Even countries with more moderate policy mixes, such as Chile, among the biggest copper exporters, are getting hit. Chile cut its 2015 growth outlook by half a percentage point to 2.5% in December. In Africa, the impact is magnified by the dependence of some fast-growing economies, such as Zambia, on the export of a single commodity. If the price of that commodity falls–in Zambia’s case, copper–the fallout can be far-reaching. Countries that didn’t balance budgets or curtail corruption while times were good will face painful choices, said Jack Allen of Capital Economics in London. Capital Economics forecasts average growth in sub-Saharan Africa to fall by one percentage point in 2015, to 4%, the slowest pace in more than a decade.
Race to the bottom.
Russia’s 2014 oil output hit a post-Soviet record high average of 10.58 million barrels per day (bpd), rising by 0.7% helped by small non-state producers, Energy Ministry data showed on Friday. Oil and gas condensate production in December hit 10.67 million bpd, also a record high since the collapse of the Soviet Union. The data showed Russia’s so-called small producers, mostly privately held, increased their output by 11% to just over 1 million barrels per day. Crude oil exports via state monopoly Transneft fell 5% to 195.5 million tonnes due to rising domestic demand and refinery runs.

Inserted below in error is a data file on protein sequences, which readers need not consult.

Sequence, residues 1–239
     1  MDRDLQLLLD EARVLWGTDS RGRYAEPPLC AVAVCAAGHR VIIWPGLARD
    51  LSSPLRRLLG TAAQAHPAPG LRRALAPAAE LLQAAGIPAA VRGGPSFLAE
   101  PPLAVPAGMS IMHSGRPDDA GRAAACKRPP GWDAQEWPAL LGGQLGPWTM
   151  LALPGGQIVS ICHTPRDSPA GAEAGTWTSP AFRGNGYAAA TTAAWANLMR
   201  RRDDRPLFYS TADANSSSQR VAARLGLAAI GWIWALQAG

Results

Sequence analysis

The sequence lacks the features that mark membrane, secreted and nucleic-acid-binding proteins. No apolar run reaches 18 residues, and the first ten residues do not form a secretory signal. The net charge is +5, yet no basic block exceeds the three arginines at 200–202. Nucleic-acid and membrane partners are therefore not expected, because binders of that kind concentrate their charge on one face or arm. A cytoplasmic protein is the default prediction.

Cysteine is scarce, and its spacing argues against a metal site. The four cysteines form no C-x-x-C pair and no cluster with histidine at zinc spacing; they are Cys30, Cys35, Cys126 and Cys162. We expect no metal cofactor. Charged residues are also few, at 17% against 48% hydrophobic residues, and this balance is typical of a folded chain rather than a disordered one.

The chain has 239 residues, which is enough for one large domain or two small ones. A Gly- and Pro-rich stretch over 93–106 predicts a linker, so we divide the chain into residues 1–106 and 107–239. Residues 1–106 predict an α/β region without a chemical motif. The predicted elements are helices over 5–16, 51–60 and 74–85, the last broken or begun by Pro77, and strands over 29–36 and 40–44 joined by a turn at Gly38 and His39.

Exports to China reached a new high of 22.6 million tonnes (452,000 bpd), up 43% on the year as Russia seeks to diversify its energy customers. Russian producers capitalized on rising oil prices in the first half of 2014, when they reached over $113 per barrel. However, they have halved since then. Hurt by falling oil prices and Western sanctions prompted by Moscow’s role in Ukraine, growth in oil output in 2014 slowed from a gain of 1.4% in 2013. Top listed oil company Rosneft, which produces more oil than OPEC members Iraq or Iran, saw its output slip 0.7% as it struggled to arrest declining production at its West Siberian fields. Oil and gas fund about half of Russia’s budget.